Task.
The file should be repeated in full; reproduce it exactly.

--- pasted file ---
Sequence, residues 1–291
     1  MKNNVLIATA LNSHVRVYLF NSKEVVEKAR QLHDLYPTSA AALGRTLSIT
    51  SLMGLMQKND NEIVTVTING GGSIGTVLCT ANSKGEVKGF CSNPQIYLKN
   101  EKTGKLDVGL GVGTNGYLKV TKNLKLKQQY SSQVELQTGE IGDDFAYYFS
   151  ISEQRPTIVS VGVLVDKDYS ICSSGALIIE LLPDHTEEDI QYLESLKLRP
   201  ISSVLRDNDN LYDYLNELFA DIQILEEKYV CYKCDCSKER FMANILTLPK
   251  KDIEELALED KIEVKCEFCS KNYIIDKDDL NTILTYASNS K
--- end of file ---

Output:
Sequence, residues 1–291
     1  MKNNVLIATA LNSHVRVYLF NSKEVVEKAR QLHDLYPTSA AALGRTLSIT
    51  SLMGLMQKND NEIVTVTING GGSIGTVLCT ANSKGEVKGF CSNPQIYLKN
   101  EKTGKLDVGL GVGTNGYLKV TKNLKLKQQY SSQVELQTGE IGDDFAYYFS
   151  ISEQRPTIVS VGVLVDKDYS ICSSGALIIE LLPDHTEEDI QYLESLKLRP
   201  ISSVLRDNDN LYDYLNELFA DIQILEEKYV CYKCDCSKER FMANILTLPK
   251  KDIEELALED KIEVKCEFCS KNYIIDKDDL NTILTYASNS K